Where did the idea of “Kimabaya” come from? And what about the name of the collection “Re / Form”?
Milia Maroun: The origin of the Kimabaya is the “Soi Soie” coat that was commissioned by the Beirut National Museum in 2003. Consequently, a pop up gallery — founded by Maya Parisi in Brussels in 2008 — wanted to exhibit a collection of the coat with a more urban feel, thus the Kimabaya. It’s a reversible coat, a crossing between the kimono and the abaya, that are traditional cloths from Japan and the Middle-East. Since then, the kimabaya became an iconic piece and a best-seller in the Milia M collections. Re/Form, as the name suggest, is a way to initiate a change, to instil a new life in an existing object.
One of the design originalities is the mixing of ancient fabrics with modern ones — a signature of Maria and Huda — evoking different stories and memories but with an urban modernity accentuated by the fluid and minimalistic cut so dear to you. One feels that there is the three of you in this line! How did you work together knowing that it is your first collaboration?
MM: Bokja is an obvious partner in this story. The two parties tell the story of the silk road. Their creations carrying legends with them. Makers of dreams, the perfect combination.
I noticed the high Couture finish and the noble fabrics. Which ones are they?
MM: Noble and natural fabrics like cashmere, silk and wool primarily. There are also mixes of linen and wool or cotton and cachemire.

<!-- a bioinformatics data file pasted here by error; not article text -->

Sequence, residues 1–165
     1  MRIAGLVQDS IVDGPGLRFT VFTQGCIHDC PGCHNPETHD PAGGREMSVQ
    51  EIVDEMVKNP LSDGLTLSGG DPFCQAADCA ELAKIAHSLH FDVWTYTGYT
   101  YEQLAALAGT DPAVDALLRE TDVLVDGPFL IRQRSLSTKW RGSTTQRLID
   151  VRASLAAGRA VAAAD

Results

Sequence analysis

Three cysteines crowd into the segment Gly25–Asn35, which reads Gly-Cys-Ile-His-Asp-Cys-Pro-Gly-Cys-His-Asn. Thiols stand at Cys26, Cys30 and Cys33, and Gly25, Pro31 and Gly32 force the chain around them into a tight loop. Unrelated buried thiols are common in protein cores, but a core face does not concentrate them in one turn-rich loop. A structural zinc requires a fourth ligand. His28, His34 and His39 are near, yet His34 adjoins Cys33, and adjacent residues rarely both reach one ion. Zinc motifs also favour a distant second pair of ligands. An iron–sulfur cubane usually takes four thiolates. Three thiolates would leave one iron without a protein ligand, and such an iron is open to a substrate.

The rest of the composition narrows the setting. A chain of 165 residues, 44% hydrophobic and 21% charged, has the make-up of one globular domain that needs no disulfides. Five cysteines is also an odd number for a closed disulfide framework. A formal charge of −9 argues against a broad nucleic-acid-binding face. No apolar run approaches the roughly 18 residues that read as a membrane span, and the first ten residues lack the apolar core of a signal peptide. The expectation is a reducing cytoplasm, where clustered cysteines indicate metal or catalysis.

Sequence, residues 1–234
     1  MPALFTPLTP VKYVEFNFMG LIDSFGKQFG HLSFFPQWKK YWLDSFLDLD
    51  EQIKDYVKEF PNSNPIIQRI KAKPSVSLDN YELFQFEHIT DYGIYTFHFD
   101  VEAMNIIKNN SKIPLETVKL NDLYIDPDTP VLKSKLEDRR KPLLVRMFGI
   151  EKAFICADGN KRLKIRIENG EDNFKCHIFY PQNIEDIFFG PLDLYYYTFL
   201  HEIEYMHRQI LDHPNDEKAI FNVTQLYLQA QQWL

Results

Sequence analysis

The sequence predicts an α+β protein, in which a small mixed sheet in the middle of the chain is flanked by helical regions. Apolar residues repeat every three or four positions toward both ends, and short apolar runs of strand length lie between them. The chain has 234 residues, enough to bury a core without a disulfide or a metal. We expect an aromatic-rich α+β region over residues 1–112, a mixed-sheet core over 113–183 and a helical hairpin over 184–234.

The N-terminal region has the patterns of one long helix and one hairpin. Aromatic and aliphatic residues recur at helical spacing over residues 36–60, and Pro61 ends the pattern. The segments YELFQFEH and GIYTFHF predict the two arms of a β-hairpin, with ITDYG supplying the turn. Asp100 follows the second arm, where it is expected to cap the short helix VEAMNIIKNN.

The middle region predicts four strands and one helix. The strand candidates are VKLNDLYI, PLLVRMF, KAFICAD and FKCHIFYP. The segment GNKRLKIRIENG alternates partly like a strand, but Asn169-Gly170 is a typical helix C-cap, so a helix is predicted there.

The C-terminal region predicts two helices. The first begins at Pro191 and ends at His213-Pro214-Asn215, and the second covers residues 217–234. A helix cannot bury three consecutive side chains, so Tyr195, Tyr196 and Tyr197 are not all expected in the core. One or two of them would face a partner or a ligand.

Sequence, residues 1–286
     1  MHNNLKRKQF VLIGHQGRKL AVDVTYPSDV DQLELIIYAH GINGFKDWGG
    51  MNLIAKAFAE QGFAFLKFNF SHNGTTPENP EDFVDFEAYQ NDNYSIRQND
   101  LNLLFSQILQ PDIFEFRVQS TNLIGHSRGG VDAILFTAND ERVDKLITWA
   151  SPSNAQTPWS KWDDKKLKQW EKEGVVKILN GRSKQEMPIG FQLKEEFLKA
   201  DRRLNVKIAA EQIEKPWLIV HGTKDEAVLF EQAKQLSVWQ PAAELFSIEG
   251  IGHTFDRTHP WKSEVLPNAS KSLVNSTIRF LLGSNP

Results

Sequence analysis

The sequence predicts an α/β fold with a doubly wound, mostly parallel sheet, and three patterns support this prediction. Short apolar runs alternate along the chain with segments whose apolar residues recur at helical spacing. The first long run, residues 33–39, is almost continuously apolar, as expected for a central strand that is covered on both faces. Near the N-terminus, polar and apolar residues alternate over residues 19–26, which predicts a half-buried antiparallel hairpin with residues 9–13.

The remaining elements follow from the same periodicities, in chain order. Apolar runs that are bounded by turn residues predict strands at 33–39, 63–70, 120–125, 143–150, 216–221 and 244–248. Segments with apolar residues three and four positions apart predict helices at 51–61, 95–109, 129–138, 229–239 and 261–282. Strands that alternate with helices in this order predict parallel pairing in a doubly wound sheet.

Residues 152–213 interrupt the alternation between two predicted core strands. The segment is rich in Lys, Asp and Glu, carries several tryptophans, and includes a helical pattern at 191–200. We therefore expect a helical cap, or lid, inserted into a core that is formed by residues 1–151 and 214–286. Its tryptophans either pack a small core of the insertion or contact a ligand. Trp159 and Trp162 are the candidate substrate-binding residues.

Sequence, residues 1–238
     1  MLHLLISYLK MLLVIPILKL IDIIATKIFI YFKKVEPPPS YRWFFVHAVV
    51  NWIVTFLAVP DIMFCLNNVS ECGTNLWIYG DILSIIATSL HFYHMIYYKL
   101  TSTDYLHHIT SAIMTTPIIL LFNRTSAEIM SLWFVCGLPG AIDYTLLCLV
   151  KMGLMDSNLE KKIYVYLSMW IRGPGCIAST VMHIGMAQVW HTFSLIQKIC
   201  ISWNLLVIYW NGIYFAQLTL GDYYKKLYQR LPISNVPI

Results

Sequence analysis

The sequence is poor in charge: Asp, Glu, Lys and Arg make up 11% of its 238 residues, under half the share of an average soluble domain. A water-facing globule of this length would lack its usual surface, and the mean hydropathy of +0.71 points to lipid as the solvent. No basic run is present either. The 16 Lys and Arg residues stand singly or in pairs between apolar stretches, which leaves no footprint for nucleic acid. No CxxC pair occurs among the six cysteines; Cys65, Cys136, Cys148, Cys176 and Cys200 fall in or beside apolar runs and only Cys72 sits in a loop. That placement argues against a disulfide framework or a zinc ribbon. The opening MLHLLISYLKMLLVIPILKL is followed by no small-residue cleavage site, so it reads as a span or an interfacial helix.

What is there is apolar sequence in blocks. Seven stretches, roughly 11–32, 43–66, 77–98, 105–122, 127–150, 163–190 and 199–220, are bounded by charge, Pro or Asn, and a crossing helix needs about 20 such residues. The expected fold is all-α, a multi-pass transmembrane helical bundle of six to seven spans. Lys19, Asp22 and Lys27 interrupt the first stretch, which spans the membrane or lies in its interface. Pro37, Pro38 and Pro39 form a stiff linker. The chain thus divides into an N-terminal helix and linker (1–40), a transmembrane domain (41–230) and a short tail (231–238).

The 23 kimabayas of the collection are all reversible, an excellent idea that offers the choice of wearing it in a unique tone or in colored patterns. I guess it is something that was appreciated during the collection presentations in Paris and Milan?
MM: Absolutely! This also adds to the urban aspect of the piece, and to the pleasure of fetechizing it at certain moments and normalize it at others.
It was a beautiful surprise to see the photo of Fouad Naim — my relative — pose for you in a kimbaya. And of course Arnaud Lemaire wearing them at Liza. Clearly, your line of kimabayas is to be worn by both women and men. A way to reintroduce this Levantine practice in the urban dress code?
MM: The kimabaya is versatile in all its forms. Its reading can change depending on who wears it, man or woman, and when. It has no limits, but always with the poetry of the Levant.
Where can we find the kimabayas in Lebanon and outside of Lebanon?
MM: At the Milia M boutique in Beirut. At “If” in New York and soon at “ABC” New York and “Ikram” Chicago.